They say you aren’t really a marketer until you’ve been fired at least once. It doesn’t matter whether they eliminate your job or fire you for messing up. The feelings and the process are virtually the same.
And while nobody relishes the prospect of unexpected unemployment, getting fired is a part of the business you can anticipate and prepare for. Here are six critical things to consider.
A Decision Was Made. By the time your manager or HR approaches you, either for a reduction in force or a termination for cause, the die has been cast. You can bet that several people and managers have considered and blessed the decision. There is generally no room for reconsideration or reversal. Accept the decision gracefully. It’s a done deal. You can’t really do much about it anyway.
Don’t Act Out. You will probably be pissed. Stifle yourself. There’s no percentage in throwing a fit, cursing out your boss, or unloading an array of feelings and epithets. You just end up looking like a jerk and eliminating what little leverage you have left. Most people doing the firing feel bad about it. Their guilt is your wiggle room. Don’t squander it by freaking out.
Find the Wiggle Room. Unless you screwed up colossally or got crosswise with the CEO, they will not immediately have security escort you from the building. You have a small window to collect things, get samples of your work, and negotiate for an end date at the end of the month or the end of the pay period. You can sometimes negotiate an exit story that HR will tell your team, your clients, or your next employer.
Get Information. Once you’re out, COBRA, severance, unemployment coverage, compensation for unused sick and vacation days, references, outplacement options, and access to your work product become your main concerns. This information can be complex and convoluted. Solicit it when you’re in the right frame of mind. Focus on this stuff. Channel your surprise, anger, and resentment into taking care of yourself and preparing yourself for the next adventure. These things will make or break the transition period until you get your next gig. Don’t underestimate their value.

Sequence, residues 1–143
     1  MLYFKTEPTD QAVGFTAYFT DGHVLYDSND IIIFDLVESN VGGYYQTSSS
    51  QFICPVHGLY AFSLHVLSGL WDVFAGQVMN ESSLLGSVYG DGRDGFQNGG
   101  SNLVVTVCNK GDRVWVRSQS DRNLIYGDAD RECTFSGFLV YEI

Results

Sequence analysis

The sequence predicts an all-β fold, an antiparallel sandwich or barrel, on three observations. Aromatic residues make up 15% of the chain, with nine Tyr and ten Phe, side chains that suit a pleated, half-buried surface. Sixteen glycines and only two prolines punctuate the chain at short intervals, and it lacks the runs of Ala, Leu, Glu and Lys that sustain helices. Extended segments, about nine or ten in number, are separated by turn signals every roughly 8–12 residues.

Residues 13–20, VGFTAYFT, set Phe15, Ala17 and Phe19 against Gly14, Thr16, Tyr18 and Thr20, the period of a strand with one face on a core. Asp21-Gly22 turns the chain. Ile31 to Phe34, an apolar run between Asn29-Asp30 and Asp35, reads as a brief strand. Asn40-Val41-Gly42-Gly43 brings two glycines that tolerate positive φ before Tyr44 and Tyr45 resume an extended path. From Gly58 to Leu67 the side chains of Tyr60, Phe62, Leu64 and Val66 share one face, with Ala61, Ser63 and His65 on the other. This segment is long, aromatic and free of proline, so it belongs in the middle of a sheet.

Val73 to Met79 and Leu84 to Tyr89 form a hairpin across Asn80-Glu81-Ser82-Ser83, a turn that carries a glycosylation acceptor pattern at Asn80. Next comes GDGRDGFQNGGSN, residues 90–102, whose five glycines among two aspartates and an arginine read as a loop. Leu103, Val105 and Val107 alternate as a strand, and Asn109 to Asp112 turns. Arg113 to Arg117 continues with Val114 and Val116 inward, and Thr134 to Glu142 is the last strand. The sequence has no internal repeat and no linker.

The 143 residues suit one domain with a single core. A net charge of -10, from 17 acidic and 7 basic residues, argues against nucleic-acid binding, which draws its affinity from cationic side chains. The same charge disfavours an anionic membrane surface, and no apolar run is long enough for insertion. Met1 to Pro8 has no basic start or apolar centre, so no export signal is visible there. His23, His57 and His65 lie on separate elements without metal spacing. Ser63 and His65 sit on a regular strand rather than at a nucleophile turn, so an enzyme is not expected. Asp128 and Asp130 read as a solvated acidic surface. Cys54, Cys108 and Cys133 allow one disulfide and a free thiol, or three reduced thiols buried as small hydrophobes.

Rally References. If you are laid off, get your manager to endorse and recommend you on LinkedIn and get a written reference. If you are fired for cause, find somebody on your team who likes you to volunteer to document this episode on your resume. Get anyone and everyone who worked with you to write a recommendation on LinkedIn.
Chill Out. This can be difficult to do, but force yourself. Sometimes it’s personal. Sometimes it’s not. Getting fired is like getting the flu. If it doesn’t kill you. It makes you stronger. If you screwed up royally, some quiet reflection and introspection is in order. If you didn’t, assume you randomly drew the short straw and move on. Too many people squander time and energy wondering “what if” or badmouthing their peers or their bosses. What’s done is done. There are no do-overs. Move on.
Getting fired is part of your initiation and maturation into the business. Hopefully it will only happen once in your career. But if it happens, be realistic about your situation and face it with courtesy and grace.
Danny Flamberg, EVP Managing Director of Digital Strategy and CRM at Publicis based in New York, has been building brands and building businesses for more than 30 years.Prior to joining Publicis, he led a successful global consulting group called Booster Rocket, as Managing Partner. Before becoming a consultant, he was Vice President of Global Marketing at SAP, SVP and Managing Director at Digitas in New York and Europe and President of Relationship Marketing at Amiratti Puris Lintas and Lowe Worldwide.
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